Debates and forums

Many candidates, including Steven Bradley Scott in Kitchener—Waterloo, Jesse Schroeder in Provencher, and Mike Bleskie in Ottawa Centre, were singled out by the media as among the most well-spoken at their respective forums. Several candidates’ reports emphasize the importance of being well-prepared, presenting a respectful and credible image, and fighting for the right to participate in forums where necessary.

Preparation

Organization and short notice proved to be a hindrance to candidates; conversely, being well-prepared for events and speaking to constituents paid off well. As much of this as possible should be done prior to the election. Beyond ensuring that the party has adequate resources to support candidates in their preparation, it is important that candidates are chosen far enough in advance. This subject will be discussed in more detail later in the report.

Party support

Our candidates were for the most part left to fend for themselves. While all of them proved to be resourceful, the limited resources available to them from the party led to a great deal of wasted time and duplicated effort. Steven Bradley Scott in Kitchener—Waterloo and Jeremy Coté in provides an extensive list of the materials that the party should make available for future candidates in his report.

A first priority for the party should be to complete the style guide and begin producing templates and generic material: flyers, posters, Facebook and Twitter avatars and badges, and more. We should also take the time to prepare a comprehensive manual for candidates and their agents and campaign managers. Elections Canada already provides resources for this, but collating it and providing information from the party would be helpful, particularly for the rookies next election, but for our seasoned candidates as well.

Volunteers

A significant issue proved to be the recruitment and management of volunteers. Holding more meetings and rallies at the beginning of the election, as well as doing telephone canvassing of local members, may help to increase volunteer support. Sometimes it seems easier just to do something rather than spending the time trying to find someone else to do it or to help, but investing that time early on will significantly increase the amount of ground that can be covered and the skill set that can be drawn upon.

Campaign signs

Stephane Bakhos in Laval—Les Îles is the only candidate who purchased signs for his campaign. Despite having only limited time to commit to campaigning and running in the riding with the lowest per-capita membership of all of our candidates, Stephane had a respectable showing, coming in third place among Pirate Party candidates with 0.68% of the vote. While campaign signs represent a significant expense, a small order of signs may merit consideration in a campaign with surplus funds available. Costs may vary from region to region, as constituents in some regions expect signs to bear the candidate’s photo while others do not.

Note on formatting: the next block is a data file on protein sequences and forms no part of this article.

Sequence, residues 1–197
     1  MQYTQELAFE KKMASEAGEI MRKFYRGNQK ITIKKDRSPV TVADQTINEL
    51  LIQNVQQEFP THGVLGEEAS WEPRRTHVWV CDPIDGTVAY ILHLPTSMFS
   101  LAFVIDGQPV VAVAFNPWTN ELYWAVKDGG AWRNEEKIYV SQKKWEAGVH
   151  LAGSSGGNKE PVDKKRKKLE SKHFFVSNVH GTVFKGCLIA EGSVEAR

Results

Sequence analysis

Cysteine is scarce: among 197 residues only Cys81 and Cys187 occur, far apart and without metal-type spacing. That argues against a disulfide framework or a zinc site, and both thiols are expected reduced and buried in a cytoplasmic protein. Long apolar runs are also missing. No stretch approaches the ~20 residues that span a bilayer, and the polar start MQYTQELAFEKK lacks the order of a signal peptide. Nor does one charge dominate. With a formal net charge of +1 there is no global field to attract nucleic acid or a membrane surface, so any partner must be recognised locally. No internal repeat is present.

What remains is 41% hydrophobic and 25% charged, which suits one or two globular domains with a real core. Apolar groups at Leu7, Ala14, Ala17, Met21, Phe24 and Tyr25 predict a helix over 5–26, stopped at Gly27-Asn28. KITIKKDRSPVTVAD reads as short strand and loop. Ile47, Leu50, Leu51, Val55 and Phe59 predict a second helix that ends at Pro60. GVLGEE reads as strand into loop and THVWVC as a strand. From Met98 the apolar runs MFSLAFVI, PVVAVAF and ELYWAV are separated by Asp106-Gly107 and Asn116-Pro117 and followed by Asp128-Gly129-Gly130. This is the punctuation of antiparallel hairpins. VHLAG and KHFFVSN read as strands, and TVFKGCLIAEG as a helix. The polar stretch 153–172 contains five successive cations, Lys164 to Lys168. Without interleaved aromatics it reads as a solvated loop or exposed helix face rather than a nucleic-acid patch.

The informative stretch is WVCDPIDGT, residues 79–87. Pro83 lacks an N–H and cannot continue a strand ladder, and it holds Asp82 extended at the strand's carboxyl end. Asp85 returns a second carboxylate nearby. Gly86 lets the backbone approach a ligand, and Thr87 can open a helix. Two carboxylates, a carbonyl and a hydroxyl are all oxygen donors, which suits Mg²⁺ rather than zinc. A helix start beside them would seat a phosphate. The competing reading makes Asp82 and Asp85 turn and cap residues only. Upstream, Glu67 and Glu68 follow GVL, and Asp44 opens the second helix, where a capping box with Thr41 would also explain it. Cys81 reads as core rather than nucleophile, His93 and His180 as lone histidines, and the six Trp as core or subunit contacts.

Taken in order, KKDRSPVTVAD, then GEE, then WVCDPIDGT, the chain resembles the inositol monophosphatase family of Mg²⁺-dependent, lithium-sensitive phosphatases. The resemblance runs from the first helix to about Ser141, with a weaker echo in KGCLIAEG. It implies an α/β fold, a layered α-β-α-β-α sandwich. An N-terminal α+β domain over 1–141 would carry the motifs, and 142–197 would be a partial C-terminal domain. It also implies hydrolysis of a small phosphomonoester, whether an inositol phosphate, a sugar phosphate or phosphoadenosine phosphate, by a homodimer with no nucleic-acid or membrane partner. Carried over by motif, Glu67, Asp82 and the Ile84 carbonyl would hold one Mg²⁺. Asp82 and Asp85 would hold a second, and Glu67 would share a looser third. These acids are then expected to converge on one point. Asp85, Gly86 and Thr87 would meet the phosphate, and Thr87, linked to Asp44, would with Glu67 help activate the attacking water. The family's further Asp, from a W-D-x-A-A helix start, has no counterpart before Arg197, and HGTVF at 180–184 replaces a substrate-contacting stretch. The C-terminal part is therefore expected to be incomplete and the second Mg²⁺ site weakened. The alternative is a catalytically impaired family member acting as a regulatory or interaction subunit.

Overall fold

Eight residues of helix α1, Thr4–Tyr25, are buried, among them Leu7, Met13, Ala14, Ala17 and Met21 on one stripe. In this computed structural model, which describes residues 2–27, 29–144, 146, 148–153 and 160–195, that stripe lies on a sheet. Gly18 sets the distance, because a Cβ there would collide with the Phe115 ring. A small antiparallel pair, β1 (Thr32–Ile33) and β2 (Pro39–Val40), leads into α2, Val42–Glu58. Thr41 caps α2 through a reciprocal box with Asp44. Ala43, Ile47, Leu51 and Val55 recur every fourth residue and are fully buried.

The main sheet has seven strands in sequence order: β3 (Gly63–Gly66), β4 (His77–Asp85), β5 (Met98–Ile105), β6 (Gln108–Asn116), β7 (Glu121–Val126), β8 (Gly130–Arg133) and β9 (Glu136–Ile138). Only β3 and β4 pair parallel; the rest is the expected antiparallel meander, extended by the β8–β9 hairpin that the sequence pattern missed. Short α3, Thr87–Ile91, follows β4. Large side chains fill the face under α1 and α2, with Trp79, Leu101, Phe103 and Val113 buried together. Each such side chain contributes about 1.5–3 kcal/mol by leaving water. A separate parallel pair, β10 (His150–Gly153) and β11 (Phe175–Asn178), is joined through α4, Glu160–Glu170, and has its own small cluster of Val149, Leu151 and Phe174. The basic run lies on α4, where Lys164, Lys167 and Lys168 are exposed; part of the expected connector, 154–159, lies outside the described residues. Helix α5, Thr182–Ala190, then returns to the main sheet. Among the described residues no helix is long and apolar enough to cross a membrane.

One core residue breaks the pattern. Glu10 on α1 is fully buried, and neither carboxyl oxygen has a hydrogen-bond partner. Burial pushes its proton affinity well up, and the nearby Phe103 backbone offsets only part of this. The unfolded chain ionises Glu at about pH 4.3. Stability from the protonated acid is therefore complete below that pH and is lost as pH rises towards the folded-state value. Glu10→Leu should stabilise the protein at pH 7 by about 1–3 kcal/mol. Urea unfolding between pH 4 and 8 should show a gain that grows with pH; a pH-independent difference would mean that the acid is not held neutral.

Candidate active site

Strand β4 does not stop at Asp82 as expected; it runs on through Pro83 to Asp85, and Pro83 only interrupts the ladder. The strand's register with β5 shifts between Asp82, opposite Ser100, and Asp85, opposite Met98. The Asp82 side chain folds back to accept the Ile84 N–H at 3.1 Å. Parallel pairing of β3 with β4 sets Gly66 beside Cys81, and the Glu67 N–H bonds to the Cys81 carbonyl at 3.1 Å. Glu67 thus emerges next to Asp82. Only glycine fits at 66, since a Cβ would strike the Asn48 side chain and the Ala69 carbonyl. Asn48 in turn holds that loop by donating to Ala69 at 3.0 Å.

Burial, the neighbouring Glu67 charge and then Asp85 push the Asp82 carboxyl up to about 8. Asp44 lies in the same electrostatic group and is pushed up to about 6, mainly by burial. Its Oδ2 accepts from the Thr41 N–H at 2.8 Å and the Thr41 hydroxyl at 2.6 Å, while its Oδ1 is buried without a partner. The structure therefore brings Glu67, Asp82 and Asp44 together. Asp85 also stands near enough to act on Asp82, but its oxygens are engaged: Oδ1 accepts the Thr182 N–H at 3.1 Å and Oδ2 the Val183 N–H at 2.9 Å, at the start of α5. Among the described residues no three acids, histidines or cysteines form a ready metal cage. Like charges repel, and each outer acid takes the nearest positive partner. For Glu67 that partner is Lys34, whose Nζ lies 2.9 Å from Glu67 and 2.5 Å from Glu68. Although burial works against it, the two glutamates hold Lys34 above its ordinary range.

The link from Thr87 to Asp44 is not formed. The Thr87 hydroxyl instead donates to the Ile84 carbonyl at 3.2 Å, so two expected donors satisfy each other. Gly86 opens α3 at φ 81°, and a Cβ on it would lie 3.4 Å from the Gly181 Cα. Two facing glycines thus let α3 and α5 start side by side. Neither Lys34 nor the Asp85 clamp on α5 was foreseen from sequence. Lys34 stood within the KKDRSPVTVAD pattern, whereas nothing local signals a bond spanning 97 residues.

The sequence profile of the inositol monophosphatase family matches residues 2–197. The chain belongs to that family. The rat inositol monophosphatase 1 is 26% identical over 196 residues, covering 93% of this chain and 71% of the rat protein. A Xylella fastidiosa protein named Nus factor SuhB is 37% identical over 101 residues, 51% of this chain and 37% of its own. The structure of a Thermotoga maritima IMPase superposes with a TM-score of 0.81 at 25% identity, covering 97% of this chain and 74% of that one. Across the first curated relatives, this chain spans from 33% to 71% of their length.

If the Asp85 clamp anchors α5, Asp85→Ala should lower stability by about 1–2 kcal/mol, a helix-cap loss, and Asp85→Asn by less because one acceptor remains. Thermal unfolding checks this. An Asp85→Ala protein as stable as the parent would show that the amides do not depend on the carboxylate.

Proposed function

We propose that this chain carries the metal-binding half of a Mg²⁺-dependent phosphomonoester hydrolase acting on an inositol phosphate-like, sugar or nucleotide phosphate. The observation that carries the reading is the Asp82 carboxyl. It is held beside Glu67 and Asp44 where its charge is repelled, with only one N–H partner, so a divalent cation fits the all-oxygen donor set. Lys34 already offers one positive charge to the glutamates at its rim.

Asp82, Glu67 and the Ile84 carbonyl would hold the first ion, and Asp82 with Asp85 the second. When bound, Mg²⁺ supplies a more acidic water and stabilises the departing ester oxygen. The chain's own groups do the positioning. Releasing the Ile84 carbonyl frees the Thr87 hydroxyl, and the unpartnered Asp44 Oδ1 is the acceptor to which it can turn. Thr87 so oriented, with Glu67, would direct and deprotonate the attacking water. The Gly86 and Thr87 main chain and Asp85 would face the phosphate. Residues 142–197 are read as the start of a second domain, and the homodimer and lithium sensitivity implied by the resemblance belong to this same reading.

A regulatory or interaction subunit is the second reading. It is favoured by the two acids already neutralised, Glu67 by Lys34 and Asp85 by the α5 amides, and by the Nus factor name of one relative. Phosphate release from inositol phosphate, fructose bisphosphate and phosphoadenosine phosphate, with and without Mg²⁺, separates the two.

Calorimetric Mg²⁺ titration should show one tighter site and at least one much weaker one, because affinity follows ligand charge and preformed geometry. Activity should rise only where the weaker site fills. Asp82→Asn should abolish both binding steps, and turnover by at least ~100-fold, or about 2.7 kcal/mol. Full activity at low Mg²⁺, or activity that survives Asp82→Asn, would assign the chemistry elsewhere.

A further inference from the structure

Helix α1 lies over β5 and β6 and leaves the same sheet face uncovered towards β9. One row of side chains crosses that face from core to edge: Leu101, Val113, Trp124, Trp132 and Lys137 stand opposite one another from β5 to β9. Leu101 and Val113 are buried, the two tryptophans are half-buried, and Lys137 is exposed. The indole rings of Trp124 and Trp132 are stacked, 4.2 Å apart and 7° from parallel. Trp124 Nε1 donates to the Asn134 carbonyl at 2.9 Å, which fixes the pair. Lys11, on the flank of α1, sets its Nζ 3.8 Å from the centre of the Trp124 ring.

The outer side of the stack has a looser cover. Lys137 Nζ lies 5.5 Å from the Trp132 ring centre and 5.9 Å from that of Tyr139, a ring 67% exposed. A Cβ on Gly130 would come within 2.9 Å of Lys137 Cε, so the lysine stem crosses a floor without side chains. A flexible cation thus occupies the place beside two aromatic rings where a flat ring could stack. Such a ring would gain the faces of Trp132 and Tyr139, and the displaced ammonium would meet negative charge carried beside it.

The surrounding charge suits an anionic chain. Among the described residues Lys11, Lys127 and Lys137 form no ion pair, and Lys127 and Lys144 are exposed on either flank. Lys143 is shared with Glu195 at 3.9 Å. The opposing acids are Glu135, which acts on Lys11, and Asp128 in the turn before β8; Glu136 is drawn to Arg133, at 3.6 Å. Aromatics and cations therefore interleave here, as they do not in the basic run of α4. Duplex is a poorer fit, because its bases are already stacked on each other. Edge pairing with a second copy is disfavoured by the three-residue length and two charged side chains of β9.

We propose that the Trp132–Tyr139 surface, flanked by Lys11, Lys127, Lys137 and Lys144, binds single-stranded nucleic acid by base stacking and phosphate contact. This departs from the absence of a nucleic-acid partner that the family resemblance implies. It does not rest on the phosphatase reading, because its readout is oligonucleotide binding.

Party issues

Advertising

As required by the Canada Elections Act, the party received a certain amount of free TV and radio advertising time. However, none of our ad pieces completed prior to the due date. While all were ultimately accepted, we can’t afford this disorganization in future. Ads should be prepared before the election begins or in the early days of the election. The videos also proved to be mildly successful on YouTube. While we will have no such free advertising in the coming years, we should continue to produce videos to share on YouTube. One of our original ideas for advertisements was to hold a design contest for party members. While ultimately we didn’t feel that the response would be strong enough to merit it, this is something worth considering in the future.

Making waves

The Pirate Party received an appreciable amount of media attention out of the gate as we announced that we would be contesting the first general election outside of Europe. Many local publications also printed stories on their candidate, either as a particular piece or as a larger survey of the options in the riding. Once that attention had died down, and after the Conservatives had announced their platform, we landed in the spotlight once again with our announcement of VPN services to protect Canadians from a Conservative government. This announcement was hailed by one publication as “one of the election’s most innovative policies”, and drew attention to the Conservative policy regarding privacy. Indeed, this announcement couldn’t have been made at a better time, and put us (and the Conservative’s privacy policy) in the public eye not long before election day.

In the 42nd general election, we will have lost the novelty factor. Therefore, it will be our responsibility to repeat the success of the VPN announcement in the next election. Publicity stunts will always be a part of politics.

All-party leaders’ forum

Another major attention-grabber was the leaders’ forum held in Toronto. This event was initiated by the Pirate Party, which reached out to the other parties’ leaders regarding a videoconference debate. The Canadian Action Party and Online Party ultimately decided to organize an in-person meeting, which we attended. Unfortunately, the event was not as successful as we had hoped. Much of the audience was clearly comprised of supporters of one party or another, though there was no booing or negative comments aimed at rival parties. No live stream was available for an event that had originally been intended to be online-only, and only a few handheld videos of speeches were posted by attendees and the few fringe news media reporters who were present.